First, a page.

Kermie and Algy Irvin Jr. own two Painting with a Twist enterprises in the Greater Houston area. Their businesses are part of a trend toward “lifestyle franchises,” a segment in which both franchised and independent ventures cover leisure pursuits such as jewelry-making and beer brewing. The Irvin’s have found their niche by helping people unwind with a paintbrush in one hand and a glass of wine or a soft drink in the other. The couple purchased their first Painting with a Twist franchise in December 2009 in The Woodlands, Texas, and their second in 2012 in Kingwood.
Painting with a Twist is a Paint and Sip franchise, headquartered in Mandeville, Louisiana, that currently boasts more than 125 franchises in 23 states throughout the United States. With a presence in nearly half the nation, Painting with a Twist is now claiming new territory by offering franchising opportunities in four states: Arizona, California, Virginia, and Massachusetts.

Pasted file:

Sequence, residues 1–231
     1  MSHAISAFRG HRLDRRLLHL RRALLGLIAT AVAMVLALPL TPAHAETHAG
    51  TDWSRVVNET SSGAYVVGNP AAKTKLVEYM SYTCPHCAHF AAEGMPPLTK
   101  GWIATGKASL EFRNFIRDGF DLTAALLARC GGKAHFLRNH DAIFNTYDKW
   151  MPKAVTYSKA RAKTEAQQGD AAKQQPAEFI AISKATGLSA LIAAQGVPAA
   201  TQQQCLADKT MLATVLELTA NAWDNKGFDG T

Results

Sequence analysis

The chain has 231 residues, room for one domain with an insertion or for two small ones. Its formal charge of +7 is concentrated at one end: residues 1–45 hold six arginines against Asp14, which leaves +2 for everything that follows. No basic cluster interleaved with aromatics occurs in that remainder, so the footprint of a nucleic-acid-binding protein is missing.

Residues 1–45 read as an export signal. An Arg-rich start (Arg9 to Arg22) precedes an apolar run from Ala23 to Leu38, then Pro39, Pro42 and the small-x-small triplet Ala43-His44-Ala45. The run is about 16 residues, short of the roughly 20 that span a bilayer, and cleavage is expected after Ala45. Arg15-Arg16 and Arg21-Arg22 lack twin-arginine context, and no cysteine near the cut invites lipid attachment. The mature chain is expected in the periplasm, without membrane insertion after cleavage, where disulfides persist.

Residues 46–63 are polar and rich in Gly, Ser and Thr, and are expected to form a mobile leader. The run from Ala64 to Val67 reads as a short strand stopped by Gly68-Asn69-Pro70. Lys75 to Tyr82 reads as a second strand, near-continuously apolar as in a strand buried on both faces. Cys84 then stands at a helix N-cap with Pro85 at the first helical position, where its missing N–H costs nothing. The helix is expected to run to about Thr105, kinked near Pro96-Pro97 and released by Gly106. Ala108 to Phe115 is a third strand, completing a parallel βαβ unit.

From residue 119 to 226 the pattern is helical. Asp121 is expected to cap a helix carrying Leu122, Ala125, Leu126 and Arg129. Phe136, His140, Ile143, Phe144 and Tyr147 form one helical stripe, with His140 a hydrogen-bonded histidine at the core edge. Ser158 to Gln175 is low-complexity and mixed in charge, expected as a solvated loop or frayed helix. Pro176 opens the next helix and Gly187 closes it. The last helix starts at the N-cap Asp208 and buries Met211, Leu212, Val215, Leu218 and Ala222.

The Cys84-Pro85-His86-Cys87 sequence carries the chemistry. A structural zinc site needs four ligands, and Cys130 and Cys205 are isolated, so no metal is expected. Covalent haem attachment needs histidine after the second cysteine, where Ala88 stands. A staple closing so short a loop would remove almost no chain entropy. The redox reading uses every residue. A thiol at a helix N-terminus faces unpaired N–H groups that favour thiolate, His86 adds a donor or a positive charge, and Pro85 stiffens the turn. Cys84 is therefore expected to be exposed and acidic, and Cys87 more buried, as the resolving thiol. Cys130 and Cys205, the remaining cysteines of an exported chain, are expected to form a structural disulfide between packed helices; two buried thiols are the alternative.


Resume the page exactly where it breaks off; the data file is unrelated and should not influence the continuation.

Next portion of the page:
Founded in 2007 by Cathy Deano and Renee Maloney, Painting with a Twist began franchising in 2009 and provides customers with paint, a canvas, and brushes. The concept pairs instructional art with friends, wine or soft drinks, snacks, and a lively instructor to produce individual works of art. Customers pay $35 for a two-hour class or $45 for a three-hour stint at the easel, surrounded by fellow art lovers as they sip glasses of vino and produce paintings.
There’s nothing quite like a natural disaster to make you rethink your life and work. That what happened in 2005 when Kermie, 42, was working as an engineer in the maritime industry, and Algy, 43, was employed in the oil industry and as a commercial photographer. The Irvin’s lived in New Orleans when Hurricane Katrina ripped through the city that year.
That was a turning point for the couple, who relocated to Houston the following year. As part of their rebirth the couple decided to become business owners, and invested $80,000 of their own funds to open their first Painting with a Twist location.Â Their initial cash outlay covered the building lease and franchise fees, the latter of which includes all equipment, supplies, artist training, studio setup, and “a few months of buffer until the studio was self-supporting,” says Kermie.